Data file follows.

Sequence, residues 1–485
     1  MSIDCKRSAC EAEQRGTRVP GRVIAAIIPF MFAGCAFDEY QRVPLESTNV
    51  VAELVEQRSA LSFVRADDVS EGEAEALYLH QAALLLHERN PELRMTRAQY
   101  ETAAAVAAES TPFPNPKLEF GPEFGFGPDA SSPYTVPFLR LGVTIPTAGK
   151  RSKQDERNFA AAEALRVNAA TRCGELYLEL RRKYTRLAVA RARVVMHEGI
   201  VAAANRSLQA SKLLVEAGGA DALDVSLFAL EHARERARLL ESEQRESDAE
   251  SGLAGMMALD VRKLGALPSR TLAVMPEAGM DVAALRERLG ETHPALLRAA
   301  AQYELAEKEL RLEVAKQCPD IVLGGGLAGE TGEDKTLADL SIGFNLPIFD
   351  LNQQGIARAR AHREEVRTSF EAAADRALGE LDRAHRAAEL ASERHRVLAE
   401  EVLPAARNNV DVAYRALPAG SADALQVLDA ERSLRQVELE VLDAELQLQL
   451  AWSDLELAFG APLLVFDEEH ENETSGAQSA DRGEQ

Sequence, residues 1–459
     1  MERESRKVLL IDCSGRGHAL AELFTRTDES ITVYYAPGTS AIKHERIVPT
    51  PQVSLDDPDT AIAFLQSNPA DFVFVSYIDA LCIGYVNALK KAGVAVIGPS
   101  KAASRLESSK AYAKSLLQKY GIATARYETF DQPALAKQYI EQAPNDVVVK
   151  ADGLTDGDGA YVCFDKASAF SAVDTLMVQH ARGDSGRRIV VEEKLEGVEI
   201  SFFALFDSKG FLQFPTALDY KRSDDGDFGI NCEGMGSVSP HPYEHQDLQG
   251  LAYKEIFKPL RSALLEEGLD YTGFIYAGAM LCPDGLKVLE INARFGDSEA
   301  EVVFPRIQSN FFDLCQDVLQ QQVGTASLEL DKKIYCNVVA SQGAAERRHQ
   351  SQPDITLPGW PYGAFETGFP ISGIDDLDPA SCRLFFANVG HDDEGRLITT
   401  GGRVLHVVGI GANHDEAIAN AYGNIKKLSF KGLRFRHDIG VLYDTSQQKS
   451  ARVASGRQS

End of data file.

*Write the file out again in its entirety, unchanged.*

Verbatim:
Sequence, residues 1–485
     1  MSIDCKRSAC EAEQRGTRVP GRVIAAIIPF MFAGCAFDEY QRVPLESTNV
    51  VAELVEQRSA LSFVRADDVS EGEAEALYLH QAALLLHERN PELRMTRAQY
   101  ETAAAVAAES TPFPNPKLEF GPEFGFGPDA SSPYTVPFLR LGVTIPTAGK
   151  RSKQDERNFA AAEALRVNAA TRCGELYLEL RRKYTRLAVA RARVVMHEGI
   201  VAAANRSLQA SKLLVEAGGA DALDVSLFAL EHARERARLL ESEQRESDAE
   251  SGLAGMMALD VRKLGALPSR TLAVMPEAGM DVAALRERLG ETHPALLRAA
   301  AQYELAEKEL RLEVAKQCPD IVLGGGLAGE TGEDKTLADL SIGFNLPIFD
   351  LNQQGIARAR AHREEVRTSF EAAADRALGE LDRAHRAAEL ASERHRVLAE
   401  EVLPAARNNV DVAYRALPAG SADALQVLDA ERSLRQVELE VLDAELQLQL
   451  AWSDLELAFG APLLVFDEEH ENETSGAQSA DRGEQ

Sequence, residues 1–459
     1  MERESRKVLL IDCSGRGHAL AELFTRTDES ITVYYAPGTS AIKHERIVPT
    51  PQVSLDDPDT AIAFLQSNPA DFVFVSYIDA LCIGYVNALK KAGVAVIGPS
   101  KAASRLESSK AYAKSLLQKY GIATARYETF DQPALAKQYI EQAPNDVVVK
   151  ADGLTDGDGA YVCFDKASAF SAVDTLMVQH ARGDSGRRIV VEEKLEGVEI
   201  SFFALFDSKG FLQFPTALDY KRSDDGDFGI NCEGMGSVSP HPYEHQDLQG
   251  LAYKEIFKPL RSALLEEGLD YTGFIYAGAM LCPDGLKVLE INARFGDSEA
   301  EVVFPRIQSN FFDLCQDVLQ QQVGTASLEL DKKIYCNVVA SQGAAERRHQ
   351  SQPDITLPGW PYGAFETGFP ISGIDDLDPA SCRLFFANVG HDDEGRLITT
   401  GGRVLHVVGI GANHDEAIAN AYGNIKKLSF KGLRFRHDIG VLYDTSQQKS
   451  ARVASGRQS